Ever since Brexit began, the House of Lords has been rejecting the government’s plans for departure. From voting down the Article 50 bill last March, urging ministers to guarantee EU citizens’ right to stay after Brexit, to last night’s vote to stay in the single market, the peers have become the new darlings of the liberal left.
More than 100 peers rebelled against their parties last night to pass an amendment to the EU Withdrawal Bill that would keep Britain in the single market. The government has now lost 14 votes in the Lords on the EU Withdrawal Bill, including on subjects like participating in a customs union, limiting ministerial powers in incorporating EU law into UK law, a meaningful vote and the transition period.
While Remainers rejoice, what does this really mean for Brexit? Not much, I’m afraid. While the House of Lords is doing its job, scrutinising legislation, and sending it back to the Commons, it’s not blocking it. It’s simply asking MPs to look again. To make sure. Is this really in the national interest? Could you make it better?
What it’s not doing is rejecting the legislation with the view of defeating the Bill when it comes back for its second and third readings. This is because the House of Lords defers to the electoral mandate of those voting through legislation in the Commons. If there’s a majority view among MPs that we shouldn’t stay in the single market, the Lords isn’t going to force the issue.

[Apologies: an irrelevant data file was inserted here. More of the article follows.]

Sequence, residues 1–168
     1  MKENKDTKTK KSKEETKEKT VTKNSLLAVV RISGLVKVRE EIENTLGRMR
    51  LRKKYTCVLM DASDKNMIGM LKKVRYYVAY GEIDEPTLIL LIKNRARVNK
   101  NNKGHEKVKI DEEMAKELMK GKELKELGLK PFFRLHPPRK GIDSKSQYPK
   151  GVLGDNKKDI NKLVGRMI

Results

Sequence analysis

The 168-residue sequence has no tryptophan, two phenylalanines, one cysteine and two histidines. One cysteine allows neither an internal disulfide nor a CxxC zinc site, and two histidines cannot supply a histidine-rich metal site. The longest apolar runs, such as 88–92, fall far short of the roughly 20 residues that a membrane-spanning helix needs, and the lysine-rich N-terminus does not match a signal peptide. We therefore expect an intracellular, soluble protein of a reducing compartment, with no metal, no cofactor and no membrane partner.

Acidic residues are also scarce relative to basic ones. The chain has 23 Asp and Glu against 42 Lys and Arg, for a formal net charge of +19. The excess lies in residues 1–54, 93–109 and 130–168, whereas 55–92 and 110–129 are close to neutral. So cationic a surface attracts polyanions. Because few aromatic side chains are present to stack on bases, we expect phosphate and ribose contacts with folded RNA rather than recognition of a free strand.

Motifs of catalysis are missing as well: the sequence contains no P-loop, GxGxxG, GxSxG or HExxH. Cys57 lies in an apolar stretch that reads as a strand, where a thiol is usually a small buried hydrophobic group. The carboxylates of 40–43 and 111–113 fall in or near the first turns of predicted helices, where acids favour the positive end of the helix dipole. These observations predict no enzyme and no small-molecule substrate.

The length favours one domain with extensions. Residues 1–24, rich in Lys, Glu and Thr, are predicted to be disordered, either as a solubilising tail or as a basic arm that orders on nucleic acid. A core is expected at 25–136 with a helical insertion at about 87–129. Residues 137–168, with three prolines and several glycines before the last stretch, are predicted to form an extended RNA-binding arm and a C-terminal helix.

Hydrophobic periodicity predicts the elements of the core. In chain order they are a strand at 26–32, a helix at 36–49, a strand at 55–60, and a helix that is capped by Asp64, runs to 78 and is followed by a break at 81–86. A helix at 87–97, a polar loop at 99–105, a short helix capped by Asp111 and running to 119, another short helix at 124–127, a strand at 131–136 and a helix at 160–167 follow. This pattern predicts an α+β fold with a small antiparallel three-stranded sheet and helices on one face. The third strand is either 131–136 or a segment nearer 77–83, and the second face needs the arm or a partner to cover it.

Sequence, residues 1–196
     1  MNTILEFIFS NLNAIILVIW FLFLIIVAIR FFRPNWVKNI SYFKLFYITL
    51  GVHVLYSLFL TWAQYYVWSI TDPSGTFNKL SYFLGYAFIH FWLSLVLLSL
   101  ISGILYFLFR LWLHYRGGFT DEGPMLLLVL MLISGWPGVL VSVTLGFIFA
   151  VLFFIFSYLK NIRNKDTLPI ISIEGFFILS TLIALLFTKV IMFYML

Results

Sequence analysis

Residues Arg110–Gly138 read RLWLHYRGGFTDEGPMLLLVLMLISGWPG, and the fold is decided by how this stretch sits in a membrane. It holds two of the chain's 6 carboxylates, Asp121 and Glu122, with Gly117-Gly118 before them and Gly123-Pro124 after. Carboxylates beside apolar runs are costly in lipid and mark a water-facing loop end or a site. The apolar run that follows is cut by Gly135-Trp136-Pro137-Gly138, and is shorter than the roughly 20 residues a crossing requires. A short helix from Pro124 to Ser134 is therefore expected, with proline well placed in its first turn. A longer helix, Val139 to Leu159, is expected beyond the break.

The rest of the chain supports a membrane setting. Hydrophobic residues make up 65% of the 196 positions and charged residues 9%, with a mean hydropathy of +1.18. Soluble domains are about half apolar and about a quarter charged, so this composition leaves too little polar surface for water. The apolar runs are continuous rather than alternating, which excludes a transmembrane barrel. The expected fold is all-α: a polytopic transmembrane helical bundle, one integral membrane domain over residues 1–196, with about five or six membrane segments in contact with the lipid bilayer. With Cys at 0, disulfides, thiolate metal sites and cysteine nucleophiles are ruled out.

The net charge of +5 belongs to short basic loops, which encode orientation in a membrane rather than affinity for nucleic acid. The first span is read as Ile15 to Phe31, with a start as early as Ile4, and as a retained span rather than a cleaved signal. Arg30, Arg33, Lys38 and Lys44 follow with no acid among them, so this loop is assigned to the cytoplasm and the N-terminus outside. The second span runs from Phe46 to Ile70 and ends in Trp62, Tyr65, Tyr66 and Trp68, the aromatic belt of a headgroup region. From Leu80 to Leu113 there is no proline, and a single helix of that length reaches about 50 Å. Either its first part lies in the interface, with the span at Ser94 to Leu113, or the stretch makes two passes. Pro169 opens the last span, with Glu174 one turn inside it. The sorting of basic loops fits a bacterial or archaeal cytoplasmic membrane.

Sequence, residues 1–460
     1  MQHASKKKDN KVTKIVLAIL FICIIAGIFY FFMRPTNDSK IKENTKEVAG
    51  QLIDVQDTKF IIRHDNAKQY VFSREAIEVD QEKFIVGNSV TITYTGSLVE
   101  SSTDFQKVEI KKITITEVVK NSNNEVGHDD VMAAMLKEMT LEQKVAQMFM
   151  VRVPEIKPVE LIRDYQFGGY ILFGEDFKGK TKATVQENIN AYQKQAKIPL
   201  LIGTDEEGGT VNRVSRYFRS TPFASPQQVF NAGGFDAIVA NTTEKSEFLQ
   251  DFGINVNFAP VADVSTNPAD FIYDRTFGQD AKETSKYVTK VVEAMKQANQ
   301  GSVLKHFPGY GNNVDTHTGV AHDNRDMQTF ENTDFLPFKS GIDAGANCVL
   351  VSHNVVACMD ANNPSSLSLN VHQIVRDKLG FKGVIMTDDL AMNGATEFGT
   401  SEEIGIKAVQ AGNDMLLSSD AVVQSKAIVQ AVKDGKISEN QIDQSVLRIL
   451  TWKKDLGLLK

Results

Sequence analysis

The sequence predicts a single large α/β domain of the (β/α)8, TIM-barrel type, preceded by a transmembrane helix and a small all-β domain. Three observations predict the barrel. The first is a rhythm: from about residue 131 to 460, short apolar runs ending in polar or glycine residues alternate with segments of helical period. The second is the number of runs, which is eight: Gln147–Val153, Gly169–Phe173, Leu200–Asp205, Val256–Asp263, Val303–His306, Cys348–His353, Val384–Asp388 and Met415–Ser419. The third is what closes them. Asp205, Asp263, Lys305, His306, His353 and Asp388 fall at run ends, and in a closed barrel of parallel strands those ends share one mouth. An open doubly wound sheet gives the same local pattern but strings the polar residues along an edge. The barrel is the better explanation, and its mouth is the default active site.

The Institute for Government’s Director of Research and parliamentary expert Dr Hannah White told me last year that the Lords will only go in for “one round of ping-pong” on these amendments – aware that it doesn’t have the legitimacy to destroy the Bill by repeatedly sending it back.
Unless there’s an obvious shift in opinion in the country and the Commons, the Lords will not be unravelling Brexit, according to Professor Meg Russell, Director of UCL’s Constitution Unit. She told me recently that, “the House of Lords can’t block anything here… If the MPs don’t support the Lords’ position, the Lords will back down.”
But there is still some hope for Brexitsceptics. With Labour pushing for membership of a customs union with the EU, and a meaningful vote for MPs on the deal (one where the alternative wouldn’t be “crashing out”), this makes a Commons majority possible for those particular Lords amendments – there could be enough Tory MP rebels to pass them, and prevent a harder Brexit.